How exactly has the policing of gangs and violence changed in the post-Ferguson era? This book explores this question, drawing on participant observation field notes and in-depth interviews with officers, offenders, practitioners, and community members in a Southern American state.
As demands for police reform have once again come into focus following George Floyd’s death, this crucial book informs future policing practice to promote effective crime prevention and gain public trust.
When it comes to adopting evidence-based approaches, does the size of an organization really matter?
This practical guide brings leading police and sociology experts together to demonstrate how police forces of all sizes can successfully embed evidence-based methods by using their strengths and limitations to their advantage. Drawing on experiences of policing in North America, it proposes new ways of strategizing and harnessing the talents of ‘change champions’.
Building on the authors’ widely adopted first book on evidence-based policing, this is essential reading for practitioners, aspiring leaders, students and policy-makers.
Renowned criminologist Mike Hough illuminates the principles and practices of good policing in this important analysis of the police service’s legitimacy and the factors, such as public trust, that drive it.
As concern grows at the growth in crimes of serious violence, he challenges conventional political and public thinking on crime and scrutinises strategies and tactics like deterrence and stop-and-search. Contrasting ‘hard’ and ‘soft’ approaches to policing and punishment, he offers a fresh perspective that stresses the importance of securing normative compliance.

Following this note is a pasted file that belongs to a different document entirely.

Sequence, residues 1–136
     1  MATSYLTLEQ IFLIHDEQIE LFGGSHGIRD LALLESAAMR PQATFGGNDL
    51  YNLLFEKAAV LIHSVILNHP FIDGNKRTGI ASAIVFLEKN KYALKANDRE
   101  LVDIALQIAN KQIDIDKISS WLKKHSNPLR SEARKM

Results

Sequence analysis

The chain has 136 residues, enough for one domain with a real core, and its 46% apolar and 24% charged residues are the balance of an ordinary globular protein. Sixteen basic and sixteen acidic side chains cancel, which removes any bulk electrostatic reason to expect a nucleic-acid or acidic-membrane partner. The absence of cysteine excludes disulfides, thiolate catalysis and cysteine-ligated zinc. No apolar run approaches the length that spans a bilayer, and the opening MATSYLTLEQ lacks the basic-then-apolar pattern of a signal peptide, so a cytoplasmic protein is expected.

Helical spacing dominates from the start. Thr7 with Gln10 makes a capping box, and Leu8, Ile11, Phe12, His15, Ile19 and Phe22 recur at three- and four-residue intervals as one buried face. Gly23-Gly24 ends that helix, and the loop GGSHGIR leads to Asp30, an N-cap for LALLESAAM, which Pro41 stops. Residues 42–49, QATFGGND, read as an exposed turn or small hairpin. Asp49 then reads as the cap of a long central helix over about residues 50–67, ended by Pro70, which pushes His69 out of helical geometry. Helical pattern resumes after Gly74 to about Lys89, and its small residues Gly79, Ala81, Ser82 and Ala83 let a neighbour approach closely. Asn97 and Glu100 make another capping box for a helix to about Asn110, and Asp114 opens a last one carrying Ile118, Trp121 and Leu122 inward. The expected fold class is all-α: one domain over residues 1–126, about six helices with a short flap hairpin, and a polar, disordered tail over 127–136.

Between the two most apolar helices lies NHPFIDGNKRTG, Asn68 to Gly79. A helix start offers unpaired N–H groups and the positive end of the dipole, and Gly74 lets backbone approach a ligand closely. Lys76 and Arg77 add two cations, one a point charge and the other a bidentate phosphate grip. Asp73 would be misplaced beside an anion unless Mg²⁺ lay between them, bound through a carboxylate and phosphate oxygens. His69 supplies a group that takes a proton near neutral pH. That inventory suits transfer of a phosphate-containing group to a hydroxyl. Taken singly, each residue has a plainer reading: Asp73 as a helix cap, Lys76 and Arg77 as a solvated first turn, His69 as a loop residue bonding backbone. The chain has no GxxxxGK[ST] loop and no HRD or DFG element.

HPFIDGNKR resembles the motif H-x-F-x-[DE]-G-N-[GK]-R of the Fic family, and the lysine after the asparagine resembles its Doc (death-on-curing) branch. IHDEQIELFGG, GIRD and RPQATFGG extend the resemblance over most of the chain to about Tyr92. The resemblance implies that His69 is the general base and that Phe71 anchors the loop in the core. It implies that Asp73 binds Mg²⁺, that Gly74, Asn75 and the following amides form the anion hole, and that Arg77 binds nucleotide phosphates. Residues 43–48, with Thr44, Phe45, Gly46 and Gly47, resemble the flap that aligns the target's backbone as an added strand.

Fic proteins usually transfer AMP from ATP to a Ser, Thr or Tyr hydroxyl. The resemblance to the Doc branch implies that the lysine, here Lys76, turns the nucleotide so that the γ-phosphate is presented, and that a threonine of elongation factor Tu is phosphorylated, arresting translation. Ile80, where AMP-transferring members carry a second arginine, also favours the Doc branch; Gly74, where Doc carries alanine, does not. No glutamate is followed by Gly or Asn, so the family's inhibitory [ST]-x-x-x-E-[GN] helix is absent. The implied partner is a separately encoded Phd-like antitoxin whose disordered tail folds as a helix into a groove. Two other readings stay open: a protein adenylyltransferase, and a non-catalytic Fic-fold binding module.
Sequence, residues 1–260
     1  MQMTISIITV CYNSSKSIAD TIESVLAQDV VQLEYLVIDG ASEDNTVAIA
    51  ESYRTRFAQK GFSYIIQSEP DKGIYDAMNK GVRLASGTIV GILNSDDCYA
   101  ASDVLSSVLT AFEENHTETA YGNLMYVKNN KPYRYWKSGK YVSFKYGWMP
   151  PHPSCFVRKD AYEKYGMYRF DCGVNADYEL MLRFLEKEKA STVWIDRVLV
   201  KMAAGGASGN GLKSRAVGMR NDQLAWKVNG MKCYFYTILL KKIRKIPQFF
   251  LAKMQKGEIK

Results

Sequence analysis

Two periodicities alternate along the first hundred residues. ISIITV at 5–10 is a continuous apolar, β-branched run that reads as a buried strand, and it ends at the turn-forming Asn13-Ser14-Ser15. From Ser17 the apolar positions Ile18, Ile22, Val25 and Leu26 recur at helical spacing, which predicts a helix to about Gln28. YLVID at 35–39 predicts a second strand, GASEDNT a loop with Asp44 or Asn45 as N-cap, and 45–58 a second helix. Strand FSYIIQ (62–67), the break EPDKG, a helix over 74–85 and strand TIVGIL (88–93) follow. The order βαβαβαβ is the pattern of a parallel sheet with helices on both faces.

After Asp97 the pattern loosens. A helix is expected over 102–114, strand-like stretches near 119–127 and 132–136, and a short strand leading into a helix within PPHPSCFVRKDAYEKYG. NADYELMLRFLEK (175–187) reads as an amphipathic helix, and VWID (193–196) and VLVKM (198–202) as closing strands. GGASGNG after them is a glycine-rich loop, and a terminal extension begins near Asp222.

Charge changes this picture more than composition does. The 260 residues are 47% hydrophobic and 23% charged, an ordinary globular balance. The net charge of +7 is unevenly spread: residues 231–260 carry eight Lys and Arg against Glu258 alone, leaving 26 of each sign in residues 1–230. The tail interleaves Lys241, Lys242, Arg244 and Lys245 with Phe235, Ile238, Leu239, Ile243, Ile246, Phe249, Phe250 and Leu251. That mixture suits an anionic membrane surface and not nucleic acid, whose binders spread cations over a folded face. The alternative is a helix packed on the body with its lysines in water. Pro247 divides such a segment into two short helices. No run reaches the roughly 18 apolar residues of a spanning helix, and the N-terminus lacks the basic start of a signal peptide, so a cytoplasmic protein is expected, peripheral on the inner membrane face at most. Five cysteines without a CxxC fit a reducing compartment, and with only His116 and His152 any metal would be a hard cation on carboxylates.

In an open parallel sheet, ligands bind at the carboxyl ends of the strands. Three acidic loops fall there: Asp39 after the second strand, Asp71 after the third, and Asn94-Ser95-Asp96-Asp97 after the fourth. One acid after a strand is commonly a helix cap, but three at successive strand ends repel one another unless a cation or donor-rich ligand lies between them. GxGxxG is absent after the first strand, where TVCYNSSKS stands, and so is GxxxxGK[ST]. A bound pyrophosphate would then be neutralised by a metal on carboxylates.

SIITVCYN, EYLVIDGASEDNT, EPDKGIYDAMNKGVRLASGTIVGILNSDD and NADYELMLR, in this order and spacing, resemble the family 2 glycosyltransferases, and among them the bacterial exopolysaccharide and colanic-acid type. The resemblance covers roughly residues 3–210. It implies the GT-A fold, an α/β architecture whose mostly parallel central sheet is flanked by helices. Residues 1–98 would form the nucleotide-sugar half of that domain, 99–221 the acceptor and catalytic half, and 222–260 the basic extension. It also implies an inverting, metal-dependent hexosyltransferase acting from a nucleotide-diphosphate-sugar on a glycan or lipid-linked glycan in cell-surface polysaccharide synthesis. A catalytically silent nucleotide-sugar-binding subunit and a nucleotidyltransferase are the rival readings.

For officers, students, policy makers and anyone who has an interest in the police force, this is a valuable roadmap for ethical policing.
Based on unprecedented empirical research conducted with lower levels of the Afghan police, this unique study assesses how institutional legacy and external intervention, from countries including the UK and the US, have shaped the structural conditions of corruption in the police force and the state.
Taking a social constructivist approach, the book combines an in-depth analysis of internal political, cultural and economic drivers with references to several regime changes affecting policing and security, from the Soviet occupation and Mujahidin militias to Taliban religious police.
Crossing disciplinary boundaries, Singh offers an invaluable contribution to the literature and to anti-corruption policy in developing and conflict-affected societies.
This collection offers a comprehensive review of the origins, scale and breadth of the privatisation and marketisation revolution across the criminal justice system.
Leading academics and researchers assess the consequences of market-driven criminal justice in a wide range of contexts, from prison and probation to policing, migrant detention, rehabilitation and community programmes. Using economic, sociological and criminological perspectives, illuminated by accessible case studies, they consider the shifting roles and interactions of the public, private and voluntary sectors.
As privatisation, outsourcing and the impact of market cultures spread further across the system, the authors look ahead to future developments and signpost the way to reform in a ‘post-market’ criminal justice sphere.